The Mahabharata of Krishna-Dwaipayana Vyasa, Volume 1 eBook

This eBook from the Gutenberg Project consists of approximately 1,884 pages of information about The Mahabharata of Krishna-Dwaipayana Vyasa, Volume 1.
desire of profit, even like the king in story.  For then, blinded by folly thou wilt have to repent afterwards, even like the person that killed the birds.  Like a flower-seller that plucketh (many flowers) in the garden from trees that he cherisheth with affection from day to day, continue, O Bharata, to pluck flowers day by day from the Pandavas.  Do not scorch them to their roots like a fire-producing breeze that reduceth everything to black charcoal.  Go not, O king, unto the region of Yama, with thy sons and troops, for who is there that is capable of fighting with the sons of Pritha, together?  Not to speak of others, is the chief of the celestials at the head of the celestials themselves, capable of doing so?”

SECTION LXII

“Vidura said,—­“Gambling is the root of dissensions.  It bringeth about disunion.  Its consequences are frightful.  Yet having recourse to this, Dhritarashtra’s son Duryodhana createth for himself fierce enmity.  The descendants of Pratipa and Santanu, with their fierce troops and their allies the Vahlikas, will, for the sins of Duryodhana meet with destruction.  Duryodhana, in consequence of this intoxication, forcibly driveth away luck and prosperity from his kingdom, even like an infuriate bull breaking his own horns himself.  That brave and learned person who disregarding his own foresight, followeth, O king, (the bent of) another man’s heart, sinketh in terrible affliction even like one that goeth into the sea in a boat guided by a child.  Duryodhana is gambling with the son of Pandu, and thou art in raptures that he is winning.  And it is such success that begeteth war, which endeth in the destruction of men.  This fascination (of gambling) that thou has well-devised only leadeth to dire results.  Thus hast thou simply brought on by these counsels great affliction to thy heart.  And this thy quarrel with Yudhishthira, who is so closely related to thee, even if thou hadst not foreseen it, is still approved by thee.  Listen, ye sons of Santanu, ye descendants of Pratipa, who are now in this assembly of the Kauravas, to these words of wisdom.  Enter ye not into the terrible fire that hath blazed forth following the wretch.  When Ajatasatru, the son of Pandu, intoxicated with dice, giveth way to his wrath, and Vrikodara and Arjuna and the twins (do the same), who, in that hour of confusion, will prove your refuge?  O great king, thou art thyself a mine of wealth.  Thou canst earn (by other means) as much wealth as thou seekest to earn by gambling.  What dost thou gain by winning from the Pandavas their vast wealth?  Win the Pandavas themselves, who will be to thee more than all the wealth they have.  We all know the skill of Suvala in play.  This hill-king knoweth many nefarious methods in gambling.  Let Sakuni return whence he came.  War not, O Bharata, with the sons of Pandu!’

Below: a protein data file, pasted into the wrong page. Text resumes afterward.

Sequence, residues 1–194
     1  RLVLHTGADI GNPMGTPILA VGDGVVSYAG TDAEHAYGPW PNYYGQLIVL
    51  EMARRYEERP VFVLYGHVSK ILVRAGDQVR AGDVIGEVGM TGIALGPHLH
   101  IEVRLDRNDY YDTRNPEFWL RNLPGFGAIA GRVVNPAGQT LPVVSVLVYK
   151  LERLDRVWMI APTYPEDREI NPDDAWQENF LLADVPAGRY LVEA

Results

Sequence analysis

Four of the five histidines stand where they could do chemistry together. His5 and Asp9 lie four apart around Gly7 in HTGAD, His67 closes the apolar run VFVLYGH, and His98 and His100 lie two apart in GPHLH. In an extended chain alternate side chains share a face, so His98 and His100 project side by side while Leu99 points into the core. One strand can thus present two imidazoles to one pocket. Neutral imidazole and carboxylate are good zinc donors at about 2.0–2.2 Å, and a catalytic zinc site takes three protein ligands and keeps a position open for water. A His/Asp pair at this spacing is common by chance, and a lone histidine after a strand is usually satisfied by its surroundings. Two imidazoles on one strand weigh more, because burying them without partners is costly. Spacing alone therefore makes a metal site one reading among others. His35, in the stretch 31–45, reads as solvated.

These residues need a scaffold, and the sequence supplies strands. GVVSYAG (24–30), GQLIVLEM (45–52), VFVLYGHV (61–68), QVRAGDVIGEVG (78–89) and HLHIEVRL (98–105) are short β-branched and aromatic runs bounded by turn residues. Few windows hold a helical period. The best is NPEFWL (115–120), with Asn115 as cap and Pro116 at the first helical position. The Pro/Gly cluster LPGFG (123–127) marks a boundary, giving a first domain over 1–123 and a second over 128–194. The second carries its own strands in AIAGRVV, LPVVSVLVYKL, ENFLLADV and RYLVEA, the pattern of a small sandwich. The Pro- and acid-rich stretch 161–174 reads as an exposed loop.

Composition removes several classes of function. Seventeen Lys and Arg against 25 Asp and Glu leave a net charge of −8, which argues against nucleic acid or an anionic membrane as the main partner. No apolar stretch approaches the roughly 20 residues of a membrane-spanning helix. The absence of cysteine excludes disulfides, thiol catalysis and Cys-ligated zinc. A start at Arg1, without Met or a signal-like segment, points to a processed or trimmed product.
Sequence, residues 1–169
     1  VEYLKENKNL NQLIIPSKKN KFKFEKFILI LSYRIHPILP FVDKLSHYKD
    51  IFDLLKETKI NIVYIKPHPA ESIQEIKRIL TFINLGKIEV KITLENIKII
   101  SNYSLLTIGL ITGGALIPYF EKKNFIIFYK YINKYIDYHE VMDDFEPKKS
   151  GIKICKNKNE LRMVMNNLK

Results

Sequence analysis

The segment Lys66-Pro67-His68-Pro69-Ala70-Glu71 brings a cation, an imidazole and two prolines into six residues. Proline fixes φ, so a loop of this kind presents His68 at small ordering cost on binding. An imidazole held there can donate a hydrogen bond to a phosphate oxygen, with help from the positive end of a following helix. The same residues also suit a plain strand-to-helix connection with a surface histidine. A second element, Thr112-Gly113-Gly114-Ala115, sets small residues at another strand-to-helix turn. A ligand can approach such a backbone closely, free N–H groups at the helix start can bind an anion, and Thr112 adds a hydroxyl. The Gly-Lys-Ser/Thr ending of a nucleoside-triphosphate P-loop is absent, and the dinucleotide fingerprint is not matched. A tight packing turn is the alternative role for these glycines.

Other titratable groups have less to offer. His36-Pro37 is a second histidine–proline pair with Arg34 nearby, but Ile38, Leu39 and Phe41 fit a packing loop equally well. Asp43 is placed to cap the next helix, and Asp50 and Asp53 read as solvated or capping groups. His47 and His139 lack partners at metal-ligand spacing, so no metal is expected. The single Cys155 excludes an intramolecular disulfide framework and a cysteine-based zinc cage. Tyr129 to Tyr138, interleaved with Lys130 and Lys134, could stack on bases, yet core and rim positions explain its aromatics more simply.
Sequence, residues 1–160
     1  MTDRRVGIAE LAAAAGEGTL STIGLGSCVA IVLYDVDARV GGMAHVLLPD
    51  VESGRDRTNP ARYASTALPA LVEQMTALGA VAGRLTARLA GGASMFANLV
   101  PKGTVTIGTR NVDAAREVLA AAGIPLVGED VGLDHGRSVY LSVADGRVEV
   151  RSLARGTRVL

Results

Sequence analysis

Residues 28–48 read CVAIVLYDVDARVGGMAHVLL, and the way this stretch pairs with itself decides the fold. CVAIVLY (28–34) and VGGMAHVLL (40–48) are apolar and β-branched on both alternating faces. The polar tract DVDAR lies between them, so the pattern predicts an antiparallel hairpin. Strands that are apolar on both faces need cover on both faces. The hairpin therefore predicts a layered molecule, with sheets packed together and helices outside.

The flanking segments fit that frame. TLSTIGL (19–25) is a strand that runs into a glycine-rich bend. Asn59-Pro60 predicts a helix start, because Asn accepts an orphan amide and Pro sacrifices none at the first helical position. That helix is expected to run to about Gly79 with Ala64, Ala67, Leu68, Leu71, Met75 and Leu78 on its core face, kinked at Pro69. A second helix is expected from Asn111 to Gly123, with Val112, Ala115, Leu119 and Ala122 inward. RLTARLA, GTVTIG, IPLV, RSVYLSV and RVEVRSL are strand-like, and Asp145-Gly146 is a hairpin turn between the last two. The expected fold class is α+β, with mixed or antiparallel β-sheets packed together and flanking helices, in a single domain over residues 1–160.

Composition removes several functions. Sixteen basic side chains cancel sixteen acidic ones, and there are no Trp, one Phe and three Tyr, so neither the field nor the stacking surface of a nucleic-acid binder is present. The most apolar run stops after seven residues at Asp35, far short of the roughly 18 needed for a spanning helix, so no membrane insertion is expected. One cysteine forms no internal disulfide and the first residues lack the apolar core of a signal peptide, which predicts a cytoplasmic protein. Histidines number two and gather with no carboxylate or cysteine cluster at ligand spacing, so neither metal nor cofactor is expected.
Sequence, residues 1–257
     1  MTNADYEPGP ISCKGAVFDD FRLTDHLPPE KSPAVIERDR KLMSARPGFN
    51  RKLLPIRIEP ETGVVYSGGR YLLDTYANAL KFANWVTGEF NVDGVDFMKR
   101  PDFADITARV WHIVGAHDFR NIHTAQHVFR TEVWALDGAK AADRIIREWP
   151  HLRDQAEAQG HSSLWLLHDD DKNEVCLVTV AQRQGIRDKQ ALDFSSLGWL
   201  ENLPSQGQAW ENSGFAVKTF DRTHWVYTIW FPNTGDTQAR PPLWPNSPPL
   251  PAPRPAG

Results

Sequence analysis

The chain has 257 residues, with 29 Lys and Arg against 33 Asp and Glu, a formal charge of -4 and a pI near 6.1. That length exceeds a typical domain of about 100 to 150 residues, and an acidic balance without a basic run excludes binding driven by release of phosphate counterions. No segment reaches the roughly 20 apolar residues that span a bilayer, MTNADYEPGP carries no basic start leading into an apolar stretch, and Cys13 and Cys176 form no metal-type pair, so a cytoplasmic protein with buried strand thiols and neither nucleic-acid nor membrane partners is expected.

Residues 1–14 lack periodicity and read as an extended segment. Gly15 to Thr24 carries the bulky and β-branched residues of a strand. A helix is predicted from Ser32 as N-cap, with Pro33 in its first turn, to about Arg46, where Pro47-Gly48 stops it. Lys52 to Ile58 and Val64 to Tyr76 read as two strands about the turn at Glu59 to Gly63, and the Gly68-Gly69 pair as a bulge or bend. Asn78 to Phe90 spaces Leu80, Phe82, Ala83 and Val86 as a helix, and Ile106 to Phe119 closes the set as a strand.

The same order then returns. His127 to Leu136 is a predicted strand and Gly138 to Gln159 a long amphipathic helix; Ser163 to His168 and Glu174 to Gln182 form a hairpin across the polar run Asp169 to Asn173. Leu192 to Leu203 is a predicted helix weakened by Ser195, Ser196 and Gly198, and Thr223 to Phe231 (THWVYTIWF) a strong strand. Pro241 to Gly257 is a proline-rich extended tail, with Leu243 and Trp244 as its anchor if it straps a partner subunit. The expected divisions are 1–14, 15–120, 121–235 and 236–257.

SECTION LXIII

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The Mahabharata of Krishna-Dwaipayana Vyasa, Volume 1 from Project Gutenberg. Public domain.
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